2 rounds of:
10 Push ups
5 Pull ups
5 rounds for time of:
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Don’t be a CrossFit ahole, CrossFit Integrated Fitness
Recovery. The CrossFit community is awash in comments and stories of folks who are over-worked. Rashes of niddling little injuries pile one upon another until the recipe brews up not a finely tuned soufflé but rather something more like the cheesy crust rimming the pan that contains the remnants of over-baked mac n’cheese.
How can this possibly be? We watch our Games athletes in this run-up season to our Games, parse their programs and compare their 3-a-days to our 3-a-weeks, and yet it is we who fall apart, not them. We marvel at the Princes and Princesses of our kingdom like the wondrous Christmas above, see them parachute into view leaving behind shock and awe, only to find ourselves reading about this or that danger or catastrophe or calamity from an “over-trained” CrossFitter. How come?
It’s simple, really, and that’s probably why it’s so hard.
The sensational stories about danger? Meh, nothing more than tabloid folderal, no more common in reality than teenage vampires in bikinis on page 3 of some magazine at CVS. Oh sure, they both exist, but the noise made about their existence is laughably out of proportion to their true numbers.
No, the real reason we as a group struggle with this is that we forget a couple of really fundamental things about CrossFit, the fitness and health program. The WODs here on CrossFit.com are openly described as created to challenge the fittest athletes on earth. Period. Sorry, but that’s not you, and that’s not me. If we do these as Rx’d and as scheduled the vast majority of us will have a “wheels come off” experience, either a little at a time or in one spectacular crash.
Again, why? Well, because of the other CrossFit fundamental that we all too frequently forget: OUR CrossFit is a training program to allow us to be fitter, healthier, and therefore better at LIFE. Christmas, Jason, Rich, Julie et al are our equivalents of Andy Murray (now playing in the Wimbledon Finals) or Danica Patrick (driving a car and turning left this afternoon): they are paid in part to excel at CrossFit. Each day is carefully planned and includes a healthy dose of rest and recovery.
Not only that but carefully planned rest and recovery. When’s the last time you sat down and talked with your trainer about your schedule? Have you EVER discussed recovery? Whether you work out in a Box or on your own, do you have an injury prevention plan? Think about it. If we are doing Crossfit in order to be better at something…anything…whenever we have some sort of Crossfit malady that decreases our functionality we’ve achieved the exact opposite of our goals. Maybe we can’t go to work. Even worse, maybe we can’t go to the Box. CrossFit is FUN and the gym is FUN; not being able to go to the gym stinks.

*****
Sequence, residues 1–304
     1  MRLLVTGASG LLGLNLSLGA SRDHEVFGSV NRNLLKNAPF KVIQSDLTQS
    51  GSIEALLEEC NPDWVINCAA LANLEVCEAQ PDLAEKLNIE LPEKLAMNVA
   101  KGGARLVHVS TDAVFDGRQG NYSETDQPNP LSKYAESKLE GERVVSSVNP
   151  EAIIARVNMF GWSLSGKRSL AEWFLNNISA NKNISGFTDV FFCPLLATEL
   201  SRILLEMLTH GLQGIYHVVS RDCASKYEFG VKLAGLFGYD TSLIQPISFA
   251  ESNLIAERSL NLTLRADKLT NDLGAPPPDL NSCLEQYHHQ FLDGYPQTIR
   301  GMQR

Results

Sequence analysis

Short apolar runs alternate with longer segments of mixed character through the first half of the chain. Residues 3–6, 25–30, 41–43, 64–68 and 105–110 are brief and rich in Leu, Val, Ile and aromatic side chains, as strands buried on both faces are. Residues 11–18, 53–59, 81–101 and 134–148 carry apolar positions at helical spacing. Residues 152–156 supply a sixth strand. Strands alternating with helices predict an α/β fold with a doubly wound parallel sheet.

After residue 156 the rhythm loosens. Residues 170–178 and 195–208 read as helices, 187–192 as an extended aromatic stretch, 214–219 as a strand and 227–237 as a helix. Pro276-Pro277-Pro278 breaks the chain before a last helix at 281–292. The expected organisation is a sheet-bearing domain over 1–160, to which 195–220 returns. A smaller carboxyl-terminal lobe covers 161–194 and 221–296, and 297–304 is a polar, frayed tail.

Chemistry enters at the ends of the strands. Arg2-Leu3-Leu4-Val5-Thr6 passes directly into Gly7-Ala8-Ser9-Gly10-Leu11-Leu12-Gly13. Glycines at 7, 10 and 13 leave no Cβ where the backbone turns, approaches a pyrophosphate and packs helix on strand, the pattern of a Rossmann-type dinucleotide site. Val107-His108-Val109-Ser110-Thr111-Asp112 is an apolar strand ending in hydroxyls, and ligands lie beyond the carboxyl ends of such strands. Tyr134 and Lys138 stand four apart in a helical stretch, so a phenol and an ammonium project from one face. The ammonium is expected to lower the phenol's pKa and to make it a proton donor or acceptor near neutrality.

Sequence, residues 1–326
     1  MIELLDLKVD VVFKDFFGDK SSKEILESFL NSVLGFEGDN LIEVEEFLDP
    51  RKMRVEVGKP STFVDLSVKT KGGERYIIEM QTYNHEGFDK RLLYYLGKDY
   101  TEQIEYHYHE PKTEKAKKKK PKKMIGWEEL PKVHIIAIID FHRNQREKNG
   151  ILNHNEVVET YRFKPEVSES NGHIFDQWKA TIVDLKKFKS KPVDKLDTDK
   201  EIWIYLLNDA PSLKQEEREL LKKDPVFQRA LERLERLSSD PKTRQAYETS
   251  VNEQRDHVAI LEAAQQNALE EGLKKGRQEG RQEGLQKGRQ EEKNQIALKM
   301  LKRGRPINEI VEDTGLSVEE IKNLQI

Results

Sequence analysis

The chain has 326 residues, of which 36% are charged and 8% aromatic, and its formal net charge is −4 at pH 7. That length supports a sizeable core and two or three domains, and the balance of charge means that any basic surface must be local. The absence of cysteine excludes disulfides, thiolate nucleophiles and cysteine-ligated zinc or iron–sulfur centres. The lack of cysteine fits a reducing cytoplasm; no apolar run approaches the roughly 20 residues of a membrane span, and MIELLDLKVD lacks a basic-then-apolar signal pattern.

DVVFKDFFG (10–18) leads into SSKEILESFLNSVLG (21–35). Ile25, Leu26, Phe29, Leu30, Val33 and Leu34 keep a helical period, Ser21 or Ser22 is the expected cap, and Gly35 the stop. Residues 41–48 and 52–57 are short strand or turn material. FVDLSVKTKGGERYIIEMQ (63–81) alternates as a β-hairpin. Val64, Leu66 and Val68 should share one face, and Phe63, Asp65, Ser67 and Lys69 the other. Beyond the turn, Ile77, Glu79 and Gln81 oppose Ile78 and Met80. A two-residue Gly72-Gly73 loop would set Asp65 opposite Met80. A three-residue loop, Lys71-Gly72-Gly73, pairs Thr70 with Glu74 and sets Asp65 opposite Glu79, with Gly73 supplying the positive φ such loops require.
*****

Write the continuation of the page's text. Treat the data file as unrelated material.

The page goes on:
Here’s my bid: pushing ourselves to our limit 3 days on/1 day off is part of who we are, and we should continue to do just that. Go ahead and take a full dose of the CrossFit prescription. Be inspired by Christmas and her peers and occasionally give in to the temptation to do something extraordinary like “CrossFit for Hope” as Rx’d. Or really crazy, like “Eva”!
At the same time follow their example and consciously build recovery into your own CrossFit program. Can’t fit 10 hours of sleep into your 24 hour day like Jason? No time or money for a couple of massages and the chiropractor every week? Me either. My day job really messes up my CrossFit, ya know? I can’t remember the last time I took a nap. So go hard when you workout, but schedule in breaks. Make them mandatory. Allow those little aches and pains that prove that you are, indeed, working hard to heal before they become an unstoppable cascade of real injury. (Do a search on the Message Board for “Larry Lindenman” and “rest”, “scheduled rest”, or “de-load”). Accept that you may need to make tiny compromises in order to prevent injuries. For example, if you can’t afford to have your hands rip from pull-ups, do whatever it takes to prevent them regardless of the sniping you may encounter here or elsewhere about gloves, wraps, or tape.
There are three fundamental aspects of CrossFit: business, sport, and fitness. The few and fortunate among us who participate at the highest levels of the first two often have the luxury of fewer non-CF priorities and can apply laser-like focus on training, including recovery. You and I, on the other hand, must remember that CrossFit is a tool, the best tool, that we use to make ourselves better. Like all powerful tools it must be accorded respect.
We must plan our recovery lest we recover from our wreck.
–Posted by Bingo on crossfit.com, 7/7/2013
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